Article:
If you know thoughts and emotions are transitory projections of the mind, and not the essence or awareness of mind, the part of you that knows and sees them, you can learn to allow them to dissolve on their own. In other words, behind all the thoughts and emotions, there is a pure awareness that can never be disturbed.
The first step to finding inner peace then is to sit quietly and observe the comings and goings of your mind, without judgment. And while this form of mindfulness is not the ultimate practice of meditation, it constitutes a necessary foundation to be able to one day liberate whatever taxing thoughts or emotions arise in your mind or heart.
When I sit in silence, in the present moment, with my senses wide open, aware of my thoughts, my emotions, and sensations, I no longer feel broken-hearted, disillusioned, or bereft. A feeling of peace begins to penetrate my mind and heart. The corners of my mouth turn up in a smile, my thoughts slow down, and I feel more spacious and at ease. In these moments, there’s a beauty and a resonance; a knowing this is the way.
It’s not a permanent state of peace. Difficult emotions still arise, attempting to lure me away from any sense of serenity. But when I’m able to just let them be, peace returns. I don’t suppress or deny them, but I also don’t follow them, making them bigger than they are. Slowly, slowly, they arise less often.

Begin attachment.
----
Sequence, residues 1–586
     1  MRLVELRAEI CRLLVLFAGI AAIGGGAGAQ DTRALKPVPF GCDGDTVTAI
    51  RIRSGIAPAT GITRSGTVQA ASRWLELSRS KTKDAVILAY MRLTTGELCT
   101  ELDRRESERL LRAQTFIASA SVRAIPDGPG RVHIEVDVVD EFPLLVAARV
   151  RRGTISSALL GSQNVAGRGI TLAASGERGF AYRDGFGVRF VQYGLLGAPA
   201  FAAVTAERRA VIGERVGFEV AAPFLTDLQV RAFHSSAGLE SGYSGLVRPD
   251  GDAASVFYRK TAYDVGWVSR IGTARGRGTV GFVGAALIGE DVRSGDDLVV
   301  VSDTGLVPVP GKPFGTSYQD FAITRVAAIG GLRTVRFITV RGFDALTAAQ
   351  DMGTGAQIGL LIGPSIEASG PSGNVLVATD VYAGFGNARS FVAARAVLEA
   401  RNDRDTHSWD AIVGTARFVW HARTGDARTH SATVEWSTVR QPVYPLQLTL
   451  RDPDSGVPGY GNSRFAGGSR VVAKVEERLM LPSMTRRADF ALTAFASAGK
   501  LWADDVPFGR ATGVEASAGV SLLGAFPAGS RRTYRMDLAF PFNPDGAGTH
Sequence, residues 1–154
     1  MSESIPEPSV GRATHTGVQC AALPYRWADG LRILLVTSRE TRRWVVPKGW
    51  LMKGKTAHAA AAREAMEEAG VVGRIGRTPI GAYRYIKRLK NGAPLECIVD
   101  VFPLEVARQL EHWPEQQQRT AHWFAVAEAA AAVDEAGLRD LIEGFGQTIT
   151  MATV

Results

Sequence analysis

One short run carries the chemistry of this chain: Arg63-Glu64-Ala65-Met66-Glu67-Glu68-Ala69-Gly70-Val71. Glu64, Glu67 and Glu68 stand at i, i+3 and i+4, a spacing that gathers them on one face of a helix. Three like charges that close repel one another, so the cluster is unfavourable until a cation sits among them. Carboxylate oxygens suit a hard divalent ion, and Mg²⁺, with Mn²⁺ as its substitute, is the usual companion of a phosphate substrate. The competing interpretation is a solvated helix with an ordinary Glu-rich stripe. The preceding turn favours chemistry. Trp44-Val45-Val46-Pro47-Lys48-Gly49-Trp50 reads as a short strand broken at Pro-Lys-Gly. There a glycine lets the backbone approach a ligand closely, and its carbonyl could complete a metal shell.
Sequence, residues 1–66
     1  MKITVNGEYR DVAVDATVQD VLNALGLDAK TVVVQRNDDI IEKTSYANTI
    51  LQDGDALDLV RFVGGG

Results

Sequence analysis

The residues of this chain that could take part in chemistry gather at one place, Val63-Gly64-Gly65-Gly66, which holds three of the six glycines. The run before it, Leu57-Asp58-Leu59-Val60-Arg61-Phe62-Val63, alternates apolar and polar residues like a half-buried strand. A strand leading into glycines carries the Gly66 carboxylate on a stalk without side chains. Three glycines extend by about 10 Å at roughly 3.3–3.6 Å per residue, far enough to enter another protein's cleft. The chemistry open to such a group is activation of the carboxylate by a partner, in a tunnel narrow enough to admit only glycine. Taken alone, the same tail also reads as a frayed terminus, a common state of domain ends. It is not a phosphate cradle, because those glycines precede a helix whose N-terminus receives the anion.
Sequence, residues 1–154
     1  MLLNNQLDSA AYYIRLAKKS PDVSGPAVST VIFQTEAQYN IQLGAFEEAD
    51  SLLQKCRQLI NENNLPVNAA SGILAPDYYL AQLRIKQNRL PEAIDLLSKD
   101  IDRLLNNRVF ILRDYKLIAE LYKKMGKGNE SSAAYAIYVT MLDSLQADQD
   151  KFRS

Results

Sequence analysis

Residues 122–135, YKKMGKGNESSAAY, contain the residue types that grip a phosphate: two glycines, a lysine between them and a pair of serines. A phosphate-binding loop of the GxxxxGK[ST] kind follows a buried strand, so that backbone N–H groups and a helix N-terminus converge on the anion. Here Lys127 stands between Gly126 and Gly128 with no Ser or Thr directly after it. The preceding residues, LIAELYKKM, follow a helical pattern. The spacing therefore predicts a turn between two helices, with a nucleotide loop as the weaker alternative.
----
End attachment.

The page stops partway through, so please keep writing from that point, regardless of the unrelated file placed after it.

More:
In that calmer place, when my mind settles. I’m naturally more in touch with my loving heart as well. It’s easier to see how we’re all twisted about by the fantastic stories we make up in our mind, rooted in the conditioning we received as children. For the most part, our suffering is homemade by the unconscious mind, but most of us don’t know how to get conscious and operate any differently.
Of course, when I get up off the cushion, I may be at peace for awhile, but later prone to distraction once again. I may be more easily drawn into distressing emotional dramas. But less so, the more I practice. Even with all the crises and difficult emotions of the past few years, I was still more grounded than ever before.
Mindfulness meditation isn’t the only way to find inner peace. Reading, listening to, or watching inspiring spiritual teachings also brings me into a greater sense of calm and clarity. But I think we need both. We need to slow down and be with ourselves often, if we wish to find inner peace.
Mindfulness meditation is not necessarily a panacea for every ill, as many purport it to be. Most people need to do their psychological work too. For people with trauma, mindfulness can be a trigger. And mindfulness needs to be used with common sense, not as a means of spiritually by-passing painful feelings, childhood wounds, or unmet developmental needs.
But no one else can work with your mind and heart. No one else can heal you. If you want to feel more at peace, you need to do the work, whether you begin in therapy or with therapeutic practices, start with mindfulness, or combine both.
I know for myself, I need to let go of magical thinking and do the work. Perhaps that’s the biggest lesson in having almost everything stripped away.
If you would like to know more about mindfulness meditation and be inspired on your spiritual path, check out these articles:
How do you find peace of mind? Are you able to sit quietly by yourself? If not, what stands in your way? I would love to hear in the comments.
Thank you for your presence, I know your time is precious! Don’t forget to sign up for Wild Arisings, my twice monthly letters from the heart filled with insights, inspiration, and ideas to help you connect with and live from your truest self. Subscribers receive access to the Always Well Within Library of free self-development resources.